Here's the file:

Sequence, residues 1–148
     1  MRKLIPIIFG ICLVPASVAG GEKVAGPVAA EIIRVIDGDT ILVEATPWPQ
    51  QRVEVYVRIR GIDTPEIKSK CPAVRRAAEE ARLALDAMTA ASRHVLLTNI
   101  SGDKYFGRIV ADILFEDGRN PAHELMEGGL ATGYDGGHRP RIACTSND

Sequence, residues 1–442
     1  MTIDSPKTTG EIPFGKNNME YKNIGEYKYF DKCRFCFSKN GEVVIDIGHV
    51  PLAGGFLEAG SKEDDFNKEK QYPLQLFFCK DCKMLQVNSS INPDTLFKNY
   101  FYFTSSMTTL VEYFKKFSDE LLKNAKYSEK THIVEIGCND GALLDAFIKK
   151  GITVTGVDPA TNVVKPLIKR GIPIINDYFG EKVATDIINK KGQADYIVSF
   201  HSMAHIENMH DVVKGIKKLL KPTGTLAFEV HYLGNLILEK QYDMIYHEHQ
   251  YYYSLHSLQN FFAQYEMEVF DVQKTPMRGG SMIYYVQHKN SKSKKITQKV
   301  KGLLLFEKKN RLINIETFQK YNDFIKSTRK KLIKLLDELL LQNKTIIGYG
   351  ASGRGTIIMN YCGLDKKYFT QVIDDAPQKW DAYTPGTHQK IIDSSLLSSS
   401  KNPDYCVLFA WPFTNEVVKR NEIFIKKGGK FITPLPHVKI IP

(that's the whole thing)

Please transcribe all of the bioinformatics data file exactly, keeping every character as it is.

Sequence, residues 1–148
     1  MRKLIPIIFG ICLVPASVAG GEKVAGPVAA EIIRVIDGDT ILVEATPWPQ
    51  QRVEVYVRIR GIDTPEIKSK CPAVRRAAEE ARLALDAMTA ASRHVLLTNI
   101  SGDKYFGRIV ADILFEDGRN PAHELMEGGL ATGYDGGHRP RIACTSND

Sequence, residues 1–442
     1  MTIDSPKTTG EIPFGKNNME YKNIGEYKYF DKCRFCFSKN GEVVIDIGHV
    51  PLAGGFLEAG SKEDDFNKEK QYPLQLFFCK DCKMLQVNSS INPDTLFKNY
   101  FYFTSSMTTL VEYFKKFSDE LLKNAKYSEK THIVEIGCND GALLDAFIKK
   151  GITVTGVDPA TNVVKPLIKR GIPIINDYFG EKVATDIINK KGQADYIVSF
   201  HSMAHIENMH DVVKGIKKLL KPTGTLAFEV HYLGNLILEK QYDMIYHEHQ
   251  YYYSLHSLQN FFAQYEMEVF DVQKTPMRGG SMIYYVQHKN SKSKKITQKV
   301  KGLLLFEKKN RLINIETFQK YNDFIKSTRK KLIKLLDELL LQNKTIIGYG
   351  ASGRGTIIMN YCGLDKKYFT QVIDDAPQKW DAYTPGTHQK IIDSSLLSSS
   401  KNPDYCVLFA WPFTNEVVKR NEIFIKKGGK FITPLPHVKI IP